Another good example of fanon becoming canon lies in the ever-popular Vocaloid. With the colorful characters, cool designs, and music videos all over YouTube, it’s pretty hard to remember Vocaloid is merely a series of voice synthesizer software, and that the characters are there to represent different types of synthesizers.

On the Internet, it’s a completely different story. Fanart and videos tend to portray the wide cast of Vocaloid in all sorts of situations. When thinking of Vocaloid, the first characters that come to mind tend to be Miku, Kaito, Meiko, Luka and the Kagamine twins. Released by Crypton Future Media, these have become the most iconic Vocaloids in the franchise. The general fanon characterization is that Miku is a bright, cheerful girl; Meiko is a hard-drinking party girl; Rin is either hyperactive or a jerk with a heart of gold (or both); Len is the more mature of the twins (but he also often fails at being mature); Luka as a cool and collected lady; and Kaito exists solely to have misfortune fall upon him.  And that’s only in regards to the Vocaloids released by Crypton Future Media. There are many other Vocaloids out there released as different characters, each with a fanon characterization of their own.

Kaito Miku fan comic by Catstudio
Vocaloid Fanon rule #1: If your name is Kaito, the universe hates you. Artist: CatstudioINC_(Punepuni)

But where is the fanon becoming canon, you ask?

For one, a good deal of the aforementioned fanon characterization gets embraced by the creators. For example, Miku’s love for leeks spawned from her popular “Levan Polkka” cover, and the leek would later be officially recognized as her trademark favourite food.

Miku Leek Army
One leek to lead them all. Video: The Singing Passion of Hatsune Miku

Two canon Vocaloid characters were even originally created by the fandom. Yowane Haku is a depressed counterpart of Miku who is usually off-key when singing, is envious of Miku’s voice and drinks because she feels she’ll never be as good as her.  Akita Neru is another Miku counterpart. As opposed to Miku, Neru is a brash girl who is a sweetheart deep down–a typical tsundere. Both characters were made by people who misused Miku’s voice synthesizer. Haku was created when people tried to use Miku’s voice synthesizer to reproduce her voice and made it come out too off-key, and Neru was created when people made Miku’s pitch too high. Neru is said to represent users who are too impatient or lazy to use Vocaloid correctly and quit half-way through, which shows in her personality.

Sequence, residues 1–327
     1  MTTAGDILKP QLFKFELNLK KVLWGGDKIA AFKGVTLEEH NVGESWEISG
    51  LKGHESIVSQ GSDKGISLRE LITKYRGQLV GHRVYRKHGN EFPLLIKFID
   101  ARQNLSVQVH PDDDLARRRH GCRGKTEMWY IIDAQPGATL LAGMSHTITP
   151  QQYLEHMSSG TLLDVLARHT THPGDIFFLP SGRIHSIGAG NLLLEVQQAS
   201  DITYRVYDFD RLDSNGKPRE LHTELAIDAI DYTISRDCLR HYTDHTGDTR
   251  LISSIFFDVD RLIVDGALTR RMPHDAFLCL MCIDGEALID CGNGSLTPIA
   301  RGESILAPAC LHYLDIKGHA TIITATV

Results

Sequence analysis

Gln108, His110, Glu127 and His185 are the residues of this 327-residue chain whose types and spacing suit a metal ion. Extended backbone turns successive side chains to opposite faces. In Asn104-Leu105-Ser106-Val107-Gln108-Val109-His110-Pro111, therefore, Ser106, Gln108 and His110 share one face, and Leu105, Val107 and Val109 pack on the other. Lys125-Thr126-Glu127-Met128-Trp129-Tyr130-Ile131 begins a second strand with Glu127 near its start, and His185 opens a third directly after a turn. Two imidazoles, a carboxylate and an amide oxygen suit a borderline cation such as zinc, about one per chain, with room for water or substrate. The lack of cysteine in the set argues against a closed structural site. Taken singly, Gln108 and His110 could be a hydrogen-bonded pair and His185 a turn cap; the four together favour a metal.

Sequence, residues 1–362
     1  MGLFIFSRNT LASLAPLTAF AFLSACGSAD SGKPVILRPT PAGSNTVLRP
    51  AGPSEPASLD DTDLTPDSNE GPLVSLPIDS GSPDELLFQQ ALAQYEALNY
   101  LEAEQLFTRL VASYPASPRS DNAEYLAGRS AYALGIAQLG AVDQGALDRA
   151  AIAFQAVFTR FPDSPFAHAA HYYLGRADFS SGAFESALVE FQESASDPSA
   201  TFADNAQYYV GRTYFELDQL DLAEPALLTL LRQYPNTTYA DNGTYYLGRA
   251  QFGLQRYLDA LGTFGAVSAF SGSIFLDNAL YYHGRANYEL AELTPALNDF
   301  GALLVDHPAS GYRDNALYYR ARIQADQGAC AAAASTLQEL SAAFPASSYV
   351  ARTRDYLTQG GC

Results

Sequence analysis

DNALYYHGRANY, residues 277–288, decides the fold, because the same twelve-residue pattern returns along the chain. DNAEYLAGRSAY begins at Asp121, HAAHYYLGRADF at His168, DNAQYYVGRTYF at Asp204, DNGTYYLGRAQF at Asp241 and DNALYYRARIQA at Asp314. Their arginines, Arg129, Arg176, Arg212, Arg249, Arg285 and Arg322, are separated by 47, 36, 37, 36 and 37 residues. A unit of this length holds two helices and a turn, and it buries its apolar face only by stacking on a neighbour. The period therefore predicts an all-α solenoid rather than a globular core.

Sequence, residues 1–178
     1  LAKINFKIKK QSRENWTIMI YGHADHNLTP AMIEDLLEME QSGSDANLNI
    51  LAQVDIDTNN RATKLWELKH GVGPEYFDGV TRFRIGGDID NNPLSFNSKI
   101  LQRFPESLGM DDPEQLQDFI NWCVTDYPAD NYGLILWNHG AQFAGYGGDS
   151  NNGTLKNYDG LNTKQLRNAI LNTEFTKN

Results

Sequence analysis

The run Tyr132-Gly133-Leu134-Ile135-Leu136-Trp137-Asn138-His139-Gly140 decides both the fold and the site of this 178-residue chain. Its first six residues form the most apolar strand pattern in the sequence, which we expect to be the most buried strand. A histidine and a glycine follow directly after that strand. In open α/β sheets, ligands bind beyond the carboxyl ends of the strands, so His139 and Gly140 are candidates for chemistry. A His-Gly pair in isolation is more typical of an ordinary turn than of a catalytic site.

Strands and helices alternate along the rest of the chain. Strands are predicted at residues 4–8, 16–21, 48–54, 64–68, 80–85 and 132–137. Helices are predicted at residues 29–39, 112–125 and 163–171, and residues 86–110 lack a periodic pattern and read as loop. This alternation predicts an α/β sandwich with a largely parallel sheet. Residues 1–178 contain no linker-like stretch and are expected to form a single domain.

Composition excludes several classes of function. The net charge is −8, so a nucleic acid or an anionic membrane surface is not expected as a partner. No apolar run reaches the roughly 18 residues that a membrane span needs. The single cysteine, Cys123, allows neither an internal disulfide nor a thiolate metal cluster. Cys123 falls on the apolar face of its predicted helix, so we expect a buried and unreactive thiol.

Crypton Future Media eventually picked on this. The result?

Yowane Haku
Akita Neru

Haku and Neru were made official by Crypton, voicebanks and all, and would later be featured in future Vocaloid media, starting with Project Diva 2nd for the PSP. Can’t get more official than that!

 and Vocaloid canon may be ever-evolving thanks to fanon, but some series actually thrive as a direct result of fanon. For an example of a series that has truly flourished because of fanon, look no further than the insanely popular Touhou.

Touhou Project, developed by Team Shanghai Alice, is primarily  a series of scrolling shooter games in the bullet-hell subgenre. It is most famous for its insane difficulty, involving complex bullet patterns that could one-shot you, and the fact that instead of having spaceships and warfare vehicles, it has magical girls in gorgeous, frilly dresses. Touhou also has a couple of official side-stories and artbooks, some of them written and published by ZUN, the series’ creator.

But given the massive amount of Touhou fanworks among the net, even by the Internet’s standards, it’s very difficult to tell Touhou is a shooter if you aren’t familiar with it. Touhou is so popular it spawned many spin-offs, including fan animes, fancomics, fangames, and parodies.

Tag Dream, a Touhou Doujin
A page from Tag Dream, a Touhou doujin by Dei Shirou that incorporates Kinnikuman-style wrestling into the Touhou series.

Think of any type of creative work, and a Touhou version in that category has most likely been done. There are fighting games, RPGs, and even a soccer game!